Auto Service World
News   February 20, 2020   by Allan Janssen

COMMENTARY: It All Boils Down to Quality

Somewhere between rock solid and rock bottom are aftermarket companies that struggle with consistency.

By Allan Janssen

Some aftermarket part suppliers enjoy a reputation for quality that is unimpeachable. These companies are industry leaders, setting the standard for others to meet. Heralded for offering improvements over OE parts, their dedication to research and development is inspiring.

At the other end of the spectrum are those companies that notoriously don’t care about quality, but exist only to give the industry the cheapest possible alternative.

Between these bookends, you will find a great many companies that have a hit-and-miss relationship with product quality. They struggle with consistency.

Visit the forums, talk to your clients, read the reviews, you’ll find that opinions about them will swing from year to year with the great arc of a pendulum, from good to bad, to good, to bad. I’ve been in the industry long enough to have seen several prominent aftermarket companies experience the wild ride of fluctuating consumer satisfaction. It cannot be a comfortable one!

There are plenty of factors that can cause these pendulum swings. Trade issues, market conditions, currency fluctuations, executive instability, technical challenges… all are the enemy of manufacturing success.

It should come as no surprise that many technicians and shop owners place a great premium on consistent quality. Being able to trust a product makes the purchase price easy for them. It gives them credibility in their customers’ eyes, and it builds loyalty.

There’s an awful lot of goodwill in the industry – enough to get manufacturers through temporary challenges and crises. But one too many disappointments will cause service providers to start making blanket statements about shoddy parts, lacking in fit, form, and function.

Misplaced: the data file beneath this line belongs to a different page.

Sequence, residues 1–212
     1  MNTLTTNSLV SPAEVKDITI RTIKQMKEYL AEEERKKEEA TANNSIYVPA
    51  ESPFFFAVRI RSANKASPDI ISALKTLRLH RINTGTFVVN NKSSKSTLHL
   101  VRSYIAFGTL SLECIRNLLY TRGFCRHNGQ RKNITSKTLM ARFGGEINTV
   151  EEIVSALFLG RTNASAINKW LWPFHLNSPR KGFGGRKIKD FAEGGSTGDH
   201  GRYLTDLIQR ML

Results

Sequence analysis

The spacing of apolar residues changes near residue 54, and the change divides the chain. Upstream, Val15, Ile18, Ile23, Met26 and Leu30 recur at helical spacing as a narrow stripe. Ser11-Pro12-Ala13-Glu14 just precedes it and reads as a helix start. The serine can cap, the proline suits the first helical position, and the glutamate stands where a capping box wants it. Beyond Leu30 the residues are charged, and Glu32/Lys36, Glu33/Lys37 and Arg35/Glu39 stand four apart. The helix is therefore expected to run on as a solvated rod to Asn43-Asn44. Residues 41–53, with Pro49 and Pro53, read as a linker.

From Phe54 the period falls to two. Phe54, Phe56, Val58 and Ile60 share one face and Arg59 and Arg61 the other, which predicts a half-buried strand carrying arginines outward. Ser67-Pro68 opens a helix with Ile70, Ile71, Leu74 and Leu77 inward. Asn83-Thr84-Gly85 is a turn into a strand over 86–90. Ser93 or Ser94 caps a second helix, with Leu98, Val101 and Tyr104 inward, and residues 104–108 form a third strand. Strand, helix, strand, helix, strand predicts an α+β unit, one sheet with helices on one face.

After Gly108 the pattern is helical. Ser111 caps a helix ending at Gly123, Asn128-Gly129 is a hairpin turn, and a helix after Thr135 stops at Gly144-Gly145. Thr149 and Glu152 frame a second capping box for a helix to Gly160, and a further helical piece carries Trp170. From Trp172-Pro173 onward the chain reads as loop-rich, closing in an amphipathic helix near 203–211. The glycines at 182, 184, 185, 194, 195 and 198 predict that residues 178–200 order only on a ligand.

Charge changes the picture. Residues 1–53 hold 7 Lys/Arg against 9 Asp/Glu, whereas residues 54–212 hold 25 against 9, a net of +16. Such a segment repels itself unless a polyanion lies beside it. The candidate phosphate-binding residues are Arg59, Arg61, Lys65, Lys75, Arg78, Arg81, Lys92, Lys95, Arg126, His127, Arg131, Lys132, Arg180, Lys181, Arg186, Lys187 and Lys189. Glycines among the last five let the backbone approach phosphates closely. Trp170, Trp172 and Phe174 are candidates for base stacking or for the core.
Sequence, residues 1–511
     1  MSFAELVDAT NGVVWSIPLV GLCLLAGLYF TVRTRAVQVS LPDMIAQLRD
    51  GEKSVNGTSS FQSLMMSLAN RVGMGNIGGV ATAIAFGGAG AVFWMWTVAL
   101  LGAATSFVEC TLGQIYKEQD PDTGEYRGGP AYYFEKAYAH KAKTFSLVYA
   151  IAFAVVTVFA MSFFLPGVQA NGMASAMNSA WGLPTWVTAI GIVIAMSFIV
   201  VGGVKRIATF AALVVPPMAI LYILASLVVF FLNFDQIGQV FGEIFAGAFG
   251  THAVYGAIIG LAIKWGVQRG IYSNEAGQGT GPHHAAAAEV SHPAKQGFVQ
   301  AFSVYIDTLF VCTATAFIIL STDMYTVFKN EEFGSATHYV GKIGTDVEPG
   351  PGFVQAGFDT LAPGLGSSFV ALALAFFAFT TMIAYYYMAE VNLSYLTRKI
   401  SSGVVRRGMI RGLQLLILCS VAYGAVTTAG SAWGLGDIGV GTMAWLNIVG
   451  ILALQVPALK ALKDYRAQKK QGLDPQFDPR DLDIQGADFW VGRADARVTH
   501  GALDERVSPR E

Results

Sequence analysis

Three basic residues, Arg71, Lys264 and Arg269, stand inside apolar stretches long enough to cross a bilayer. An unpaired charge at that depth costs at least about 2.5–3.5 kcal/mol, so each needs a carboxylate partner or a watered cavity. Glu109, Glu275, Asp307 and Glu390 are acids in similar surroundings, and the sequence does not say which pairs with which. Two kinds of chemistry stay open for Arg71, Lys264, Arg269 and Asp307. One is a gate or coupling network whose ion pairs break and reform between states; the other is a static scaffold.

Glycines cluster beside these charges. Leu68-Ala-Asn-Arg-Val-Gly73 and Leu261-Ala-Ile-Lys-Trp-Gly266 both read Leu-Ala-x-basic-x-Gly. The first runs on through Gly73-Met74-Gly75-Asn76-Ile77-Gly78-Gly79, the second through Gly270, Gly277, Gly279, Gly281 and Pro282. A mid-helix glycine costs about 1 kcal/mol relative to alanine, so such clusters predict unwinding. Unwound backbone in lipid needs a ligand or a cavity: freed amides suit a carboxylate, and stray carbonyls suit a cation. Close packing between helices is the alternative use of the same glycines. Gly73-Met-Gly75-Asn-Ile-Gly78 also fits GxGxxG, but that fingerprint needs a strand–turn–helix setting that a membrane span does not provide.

A recent opinion piece in CARS magazine captured this sentiment beautifully, stressing the importance of consistent quality to the service provider community. If you have not read it, it’s worth finding on our website. The primary point of this “Open Letter to Manufacturers” is that both sides of the market need each other. Service providers need good parts, and part manufacturers need good customers. The single most important quality that guarantees success in this business is quality. It’s the fundamental building block of credibility, customer satisfaction, and profitability.

Jobbers stand between the supply side and the demand side of the auto repair industry. Do you get involved in the question of quality? Do you ask your customers whose parts work and whose don’t? Do you ask them what they’re seeing, what they require, and what they expect in terms of consistent fit, form, function, availability, durability, and affordability?

Most importantly, do you report back to your suppliers?

Your voice carries weight. You are the middlemen. There is power in that. You have a role to play in ensuring that the system works, that both your customers’ needs and your suppliers’ prices are met.

Quality is the benchmark we all need to meet. Everyone’s reputation rests on it – including your own as a parts broker.


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5 Comments » for COMMENTARY: It All Boils Down to Quality
  1. Bob Ward says: